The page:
Tiger Trail - We are Laos

Laos Travel Guide

Elephant interactions in tourism is a very complex and emotional topic. Like you, we share your concerns for the welfare of elephants. Our view is that all elephants are large, wild animals and belong in the wild. There is no such thing as an ethical or perfect elephant camp.

Elephants and the Tourism Industry in Laos

Our position on elephant tours

We acknowledge that our adventure tourism company offers elephant tours in Laos. As a significant player in the tourism industry in Luang Prabang, we hold a position of influence and responsibility over the operations of various elephant camps.

We take great care in selecting our partner elephant camps, ensuring that they are open to implementing positive changes and actively working towards providing better living conditions and care for their elephants. Over the years, our support has contributed to a meaningful transformation, and we are proud to share that all elephant camps we collaborate with have ceased elephant riding activities.

It is essential to address why we continue to work with these selected camps despite their past practices. By maintaining our association, we retain the opportunity to exert a positive influence on their ongoing efforts towards responsible and ethical treatment of their elephants. Ceasing our support would result in a loss of our capacity to encourage further improvements in their operations.

We firmly believe in the potential for change and progress. Our partnership with these camps serves as a model for encouraging the broader tourism industry to adopt ethical practices. Our hope is that through our engagement, other elephant camps will be inspired to cease exploitative activities and raise their standards of care for these magnificent creatures or reconsider their approach altogether.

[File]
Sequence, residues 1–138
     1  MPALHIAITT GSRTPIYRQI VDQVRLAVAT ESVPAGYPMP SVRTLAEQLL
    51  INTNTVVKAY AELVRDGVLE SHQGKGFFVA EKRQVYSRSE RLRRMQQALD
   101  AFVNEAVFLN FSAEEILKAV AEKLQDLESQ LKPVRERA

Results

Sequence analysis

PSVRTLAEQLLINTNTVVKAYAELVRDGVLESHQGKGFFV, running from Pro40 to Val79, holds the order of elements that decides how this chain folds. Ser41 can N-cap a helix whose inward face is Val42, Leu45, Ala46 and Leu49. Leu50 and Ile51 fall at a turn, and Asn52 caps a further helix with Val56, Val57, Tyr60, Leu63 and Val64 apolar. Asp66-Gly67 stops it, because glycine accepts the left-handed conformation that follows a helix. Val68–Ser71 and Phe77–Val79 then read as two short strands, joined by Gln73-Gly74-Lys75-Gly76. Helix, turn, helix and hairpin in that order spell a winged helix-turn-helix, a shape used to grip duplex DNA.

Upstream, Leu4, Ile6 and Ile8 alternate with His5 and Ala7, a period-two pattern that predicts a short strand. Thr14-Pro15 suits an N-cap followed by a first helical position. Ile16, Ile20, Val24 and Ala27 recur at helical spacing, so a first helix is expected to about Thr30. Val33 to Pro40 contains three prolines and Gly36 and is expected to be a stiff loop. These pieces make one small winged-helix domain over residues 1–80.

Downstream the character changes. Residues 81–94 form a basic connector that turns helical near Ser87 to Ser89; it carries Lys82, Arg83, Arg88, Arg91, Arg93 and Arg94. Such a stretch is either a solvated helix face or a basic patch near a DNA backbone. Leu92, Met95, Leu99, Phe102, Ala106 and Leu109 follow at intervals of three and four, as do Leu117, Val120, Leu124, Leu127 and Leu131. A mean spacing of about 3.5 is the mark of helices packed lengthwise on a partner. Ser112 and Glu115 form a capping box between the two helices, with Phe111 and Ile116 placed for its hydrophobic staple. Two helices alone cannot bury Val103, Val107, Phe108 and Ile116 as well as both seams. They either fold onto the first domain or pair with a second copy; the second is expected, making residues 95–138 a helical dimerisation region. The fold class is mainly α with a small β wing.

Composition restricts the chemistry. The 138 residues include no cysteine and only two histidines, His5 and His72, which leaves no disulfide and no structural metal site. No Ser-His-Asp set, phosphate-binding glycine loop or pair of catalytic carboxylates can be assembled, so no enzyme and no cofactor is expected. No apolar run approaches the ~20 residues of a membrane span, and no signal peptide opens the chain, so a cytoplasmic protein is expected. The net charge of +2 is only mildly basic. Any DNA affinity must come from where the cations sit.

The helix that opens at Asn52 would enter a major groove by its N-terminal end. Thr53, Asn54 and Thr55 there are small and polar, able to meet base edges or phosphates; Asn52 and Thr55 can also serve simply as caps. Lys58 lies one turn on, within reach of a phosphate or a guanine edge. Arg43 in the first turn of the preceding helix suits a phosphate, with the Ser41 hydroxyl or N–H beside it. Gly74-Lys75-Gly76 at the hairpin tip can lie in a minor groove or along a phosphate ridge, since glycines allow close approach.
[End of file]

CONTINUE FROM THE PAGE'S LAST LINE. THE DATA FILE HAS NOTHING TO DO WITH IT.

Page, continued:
At our company, we place a strong emphasis on promoting responsible tourism. We approach our elephant tours with the utmost care, respect, and consideration for the welfare of the elephants involved. Our commitment to ethical practices extends to all aspects of our operations, ensuring that our guests can enjoy unforgettable experiences while contributing positively to the protection of wildlife and local communities.

Further details

We hope this statement helps to clarify our stance on the use of elephants in the tourism industry. Our team at Tiger Trail Travel has carefully considered the option of discontinuing our collaboration with elephant camps, but we firmly believe that our current approach is more effective than a complete boycott.

Elephants are magnificent and intelligent creatures that belong in the wild, where they can roam freely in large open spaces. It's essential to understand that there is no such thing as a truly domesticated elephant.

In Laos, the unfortunate reality is that all elephants currently used in various activities have been bred and trained for logging purposes, which is now illegal but still persists in some areas. Logging elephants endure harsh and brutal lives, pulling massive trees from deep within the jungle. While camps in Laos rescue elephants from such logging practices, it's crucial to acknowledge that not all camps provide the same level of care and treatment for their elephants.